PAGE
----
UCLA Receives $100 Million from Alumni Meyer and Renee Luskin
It is with tremendous pride, gratitude and optimism for UCLA’s future that I share news of a landmark commitment to our campus.
UCLA alumni Meyer and Renee Luskin have made a transformative gift to UCLA, contributing $100 million to support academic programs and capital improvements. This remarkably generous donation will be divided among the School of Public Affairs, which will be renamed the Meyer and Renee Luskin School of Public Affairs, the new Meyer and Renee Luskin Residential Conference Center, and the College of Letters and Science.
The Luskins’ commitment is among the five largest individual gifts to any university during the past year, and it is the second largest ever to UCLA. Even as we face serious fiscal challenges posed by state budget cuts, this is a profound statement about the current and future strength of UCLA as an engine for innovation and cutting-edge scholarship.
The gift also is an overwhelming demonstration of the Luskins’ confidence in UCLA as a force for addressing society’s most important challenges and in our unique ability to foster the meaningful and effective exchange of ideas among scholars, civic leaders and the community. The Luskins have said they view this commitment as a strategic investment in our campus and, by extension, in greater Los Angeles.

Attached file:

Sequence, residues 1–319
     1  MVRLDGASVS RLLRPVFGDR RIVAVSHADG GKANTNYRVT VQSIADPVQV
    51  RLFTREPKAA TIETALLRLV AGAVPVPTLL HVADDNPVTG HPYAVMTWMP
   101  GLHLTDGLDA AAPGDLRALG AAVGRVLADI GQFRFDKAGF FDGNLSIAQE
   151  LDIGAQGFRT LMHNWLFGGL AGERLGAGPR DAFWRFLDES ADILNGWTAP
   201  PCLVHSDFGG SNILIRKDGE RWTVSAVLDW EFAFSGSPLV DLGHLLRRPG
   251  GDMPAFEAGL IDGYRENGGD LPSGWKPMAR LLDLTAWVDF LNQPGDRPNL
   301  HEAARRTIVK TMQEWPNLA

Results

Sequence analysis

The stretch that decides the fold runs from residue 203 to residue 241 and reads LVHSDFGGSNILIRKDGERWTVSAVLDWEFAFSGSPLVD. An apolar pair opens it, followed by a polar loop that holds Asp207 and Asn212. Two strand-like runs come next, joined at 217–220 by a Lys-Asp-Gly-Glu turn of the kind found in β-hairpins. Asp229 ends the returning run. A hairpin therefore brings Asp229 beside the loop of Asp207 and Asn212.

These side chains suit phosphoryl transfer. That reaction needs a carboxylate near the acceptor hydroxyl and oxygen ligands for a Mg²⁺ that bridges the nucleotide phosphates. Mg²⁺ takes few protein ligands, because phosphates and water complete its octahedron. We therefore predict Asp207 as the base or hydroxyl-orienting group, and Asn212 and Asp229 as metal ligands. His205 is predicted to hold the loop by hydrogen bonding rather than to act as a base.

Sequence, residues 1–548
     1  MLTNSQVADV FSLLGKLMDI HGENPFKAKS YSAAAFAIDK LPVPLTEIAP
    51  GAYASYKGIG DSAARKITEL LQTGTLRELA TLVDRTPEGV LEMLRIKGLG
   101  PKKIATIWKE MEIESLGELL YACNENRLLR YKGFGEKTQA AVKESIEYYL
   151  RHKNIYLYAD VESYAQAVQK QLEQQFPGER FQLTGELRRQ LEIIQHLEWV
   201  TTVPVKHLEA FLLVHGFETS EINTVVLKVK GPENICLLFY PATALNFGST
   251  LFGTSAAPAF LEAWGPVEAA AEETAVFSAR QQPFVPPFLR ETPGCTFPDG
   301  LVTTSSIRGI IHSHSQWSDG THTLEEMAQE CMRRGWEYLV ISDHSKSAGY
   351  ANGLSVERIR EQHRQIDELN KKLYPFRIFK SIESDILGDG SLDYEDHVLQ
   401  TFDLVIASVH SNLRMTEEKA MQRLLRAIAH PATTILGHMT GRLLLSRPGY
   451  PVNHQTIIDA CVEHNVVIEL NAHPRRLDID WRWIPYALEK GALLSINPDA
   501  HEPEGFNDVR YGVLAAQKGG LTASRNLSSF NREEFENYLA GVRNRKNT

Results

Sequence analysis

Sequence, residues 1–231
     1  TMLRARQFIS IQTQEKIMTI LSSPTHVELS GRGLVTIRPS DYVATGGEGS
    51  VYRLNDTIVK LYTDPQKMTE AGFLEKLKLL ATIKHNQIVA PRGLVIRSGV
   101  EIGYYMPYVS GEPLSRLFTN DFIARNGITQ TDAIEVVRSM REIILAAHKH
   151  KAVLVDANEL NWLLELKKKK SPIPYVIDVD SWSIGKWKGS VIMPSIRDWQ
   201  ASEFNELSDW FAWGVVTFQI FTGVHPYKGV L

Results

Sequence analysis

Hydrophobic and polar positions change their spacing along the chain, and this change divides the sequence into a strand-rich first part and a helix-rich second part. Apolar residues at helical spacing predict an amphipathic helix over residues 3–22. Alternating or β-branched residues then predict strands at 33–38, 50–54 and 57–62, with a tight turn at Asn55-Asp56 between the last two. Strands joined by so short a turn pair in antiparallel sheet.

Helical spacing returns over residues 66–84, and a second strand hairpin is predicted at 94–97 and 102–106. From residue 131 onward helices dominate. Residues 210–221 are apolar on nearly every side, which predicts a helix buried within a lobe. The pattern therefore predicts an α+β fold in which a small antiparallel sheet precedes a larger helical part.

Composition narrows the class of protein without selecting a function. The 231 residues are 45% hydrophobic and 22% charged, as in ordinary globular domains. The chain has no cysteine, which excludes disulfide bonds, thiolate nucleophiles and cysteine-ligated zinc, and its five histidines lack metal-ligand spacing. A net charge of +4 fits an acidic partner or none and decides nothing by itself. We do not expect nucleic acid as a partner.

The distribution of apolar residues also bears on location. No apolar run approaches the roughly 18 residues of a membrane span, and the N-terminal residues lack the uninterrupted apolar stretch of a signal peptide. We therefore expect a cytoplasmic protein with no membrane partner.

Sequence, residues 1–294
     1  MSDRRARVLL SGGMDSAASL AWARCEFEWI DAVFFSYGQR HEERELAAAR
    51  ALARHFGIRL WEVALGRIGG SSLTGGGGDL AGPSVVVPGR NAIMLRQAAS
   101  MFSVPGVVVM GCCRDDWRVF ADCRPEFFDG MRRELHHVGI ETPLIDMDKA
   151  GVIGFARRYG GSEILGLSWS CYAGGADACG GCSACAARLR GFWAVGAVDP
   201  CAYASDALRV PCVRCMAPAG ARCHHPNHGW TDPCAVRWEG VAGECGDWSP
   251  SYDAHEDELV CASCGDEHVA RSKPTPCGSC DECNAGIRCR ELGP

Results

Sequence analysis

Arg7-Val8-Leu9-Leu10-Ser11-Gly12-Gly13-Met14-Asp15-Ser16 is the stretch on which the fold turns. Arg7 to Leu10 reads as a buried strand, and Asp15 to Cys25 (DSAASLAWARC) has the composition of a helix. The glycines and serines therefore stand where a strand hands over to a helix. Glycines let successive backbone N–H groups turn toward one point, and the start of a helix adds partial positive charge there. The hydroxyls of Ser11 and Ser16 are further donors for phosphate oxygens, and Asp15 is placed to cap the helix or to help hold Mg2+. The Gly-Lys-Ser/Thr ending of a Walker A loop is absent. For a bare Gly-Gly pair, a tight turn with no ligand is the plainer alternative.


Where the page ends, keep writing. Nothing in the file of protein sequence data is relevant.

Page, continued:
Meyer and Renee Luskin were inspired to give to UCLA in part because of their long relationship with the campus. Meyer earned a bachelor’s degree in economics from UCLA in 1949—he has credited the multidisciplinary education he received here for providing the platform for his successful business career—and Renee earned a bachelor’s degree in sociology here in 1953. Their generosity has already made an enormous impact on our campus, endowing a faculty chair in migraine and headache studies, a fund to support undergraduates participating in civic engagement research, a graduate fellowship in history, and a children’s clinic at Santa Monica-UCLA Medical Center, and establishing the Luskin Center for Innovation, which is housed in the School of Public Affairs.
Half of the Luskins’ donation will be directed to the School of Public Affairs, where it will establish endowments, support emerging research areas—including new programs in urban studies and social justice—and attract the outstanding faculty and students who will ensure the school’s continued competitiveness among the nation’s leading government and public affairs schools.
Forty percent of the $100 million gift will support the Meyer and Renee Luskin Conference Center, which will begin construction next spring on the site of the UCLA Faculty Center, pending approval by the UC Board of Regents. No state funding would be used for construction. Another 10 percent will fund the College’s Luskin Endowment for Thought Leadership, which will support academic conferences and an annual lecture.
The months ahead will offer several opportunities to express our deep appreciation to Meyer and Renee Luskin, including a naming ceremony for the School of Public Affairs in March. In the meantime, I invite you to learn more about the Luskins’ gift on UCLA Newsroom.
Gene D. Block
January 26, 2011